I’m having some trouble moving ahead with Groovy Science, but ironically it’s because I can do too much.
I’ve always been a fan of Lisp despite the fact that I can’t get past the syntax to actually code anything. When I first saw Groovy, one of the many reasons I liked it was that it seemed to be a great step on the learning curve from Java to Lisp. What I didn’t realize was how deep of a step it was. Now that I’ve used Groovy for a while, I’ve started using it to prototype all of my ideas, as expected, but it turns out that it’s so easy to make these prototypes that I’m not sure exactly what work I’m saving Groovy programmers by writing a library. On the contrary, I’m starting to think the extra work of studying a library API might hinder people who want to do tasks as simple as this.
Well, I can sort of answer my own question: A library like the Java Collections Framework doesn’t solve a problem that is particularly difficult to get around on a case-by-case basis. It solves the frustrating task of making the same “easy” abstractions over and over again and coercing them to work with each other. This library is similar; treating something as a symbolic expression is already easy to do in Groovy, and that’s exactly why it can become a common metaphor, come up again and again, and eventually demand its own library.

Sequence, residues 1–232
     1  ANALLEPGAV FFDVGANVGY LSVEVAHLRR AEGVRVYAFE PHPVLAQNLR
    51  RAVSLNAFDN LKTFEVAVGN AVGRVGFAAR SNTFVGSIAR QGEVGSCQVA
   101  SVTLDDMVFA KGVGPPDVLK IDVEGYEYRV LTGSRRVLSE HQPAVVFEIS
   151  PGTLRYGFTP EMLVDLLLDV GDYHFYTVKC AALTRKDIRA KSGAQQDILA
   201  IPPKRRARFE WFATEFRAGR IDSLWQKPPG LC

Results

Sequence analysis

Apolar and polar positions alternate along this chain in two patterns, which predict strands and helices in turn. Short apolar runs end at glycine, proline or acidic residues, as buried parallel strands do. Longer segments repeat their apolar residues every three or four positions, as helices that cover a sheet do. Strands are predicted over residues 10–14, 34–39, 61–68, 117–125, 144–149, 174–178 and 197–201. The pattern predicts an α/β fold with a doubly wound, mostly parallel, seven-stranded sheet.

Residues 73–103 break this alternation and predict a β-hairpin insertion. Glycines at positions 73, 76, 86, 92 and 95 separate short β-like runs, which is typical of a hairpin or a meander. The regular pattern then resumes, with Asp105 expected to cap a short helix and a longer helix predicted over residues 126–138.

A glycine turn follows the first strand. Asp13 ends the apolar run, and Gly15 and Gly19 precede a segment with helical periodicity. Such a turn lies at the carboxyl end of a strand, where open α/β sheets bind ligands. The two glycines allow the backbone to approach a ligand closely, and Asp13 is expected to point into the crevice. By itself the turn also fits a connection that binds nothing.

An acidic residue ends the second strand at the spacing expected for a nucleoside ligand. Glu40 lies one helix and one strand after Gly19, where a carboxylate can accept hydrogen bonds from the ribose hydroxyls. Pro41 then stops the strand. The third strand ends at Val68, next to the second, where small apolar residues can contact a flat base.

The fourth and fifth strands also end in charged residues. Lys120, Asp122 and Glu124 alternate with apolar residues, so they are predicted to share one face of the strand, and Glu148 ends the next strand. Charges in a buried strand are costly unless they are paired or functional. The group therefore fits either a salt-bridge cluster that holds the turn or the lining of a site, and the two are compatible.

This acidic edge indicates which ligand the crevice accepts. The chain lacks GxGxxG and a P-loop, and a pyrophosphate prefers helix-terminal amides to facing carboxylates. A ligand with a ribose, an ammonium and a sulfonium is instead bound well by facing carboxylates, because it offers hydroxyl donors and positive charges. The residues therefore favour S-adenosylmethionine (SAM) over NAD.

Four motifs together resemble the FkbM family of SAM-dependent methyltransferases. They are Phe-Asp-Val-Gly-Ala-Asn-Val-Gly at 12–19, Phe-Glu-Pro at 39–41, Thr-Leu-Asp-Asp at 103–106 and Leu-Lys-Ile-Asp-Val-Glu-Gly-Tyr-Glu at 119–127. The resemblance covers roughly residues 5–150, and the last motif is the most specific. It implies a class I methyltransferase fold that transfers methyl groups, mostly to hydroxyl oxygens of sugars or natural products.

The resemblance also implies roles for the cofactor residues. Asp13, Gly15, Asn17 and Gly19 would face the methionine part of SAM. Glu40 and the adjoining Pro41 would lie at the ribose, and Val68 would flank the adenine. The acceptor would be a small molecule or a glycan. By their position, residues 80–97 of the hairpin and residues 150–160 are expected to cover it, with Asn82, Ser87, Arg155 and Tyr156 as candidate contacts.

Much of what I’ve been planning to contribute by Monday has been in the form of a Groovy prototype. I’m not sure exactly where to start translating that into actual library code, and that’s why I haven’t been submitting it. Whenever I figure out where to put it, it’ll start making its way into the library, I think.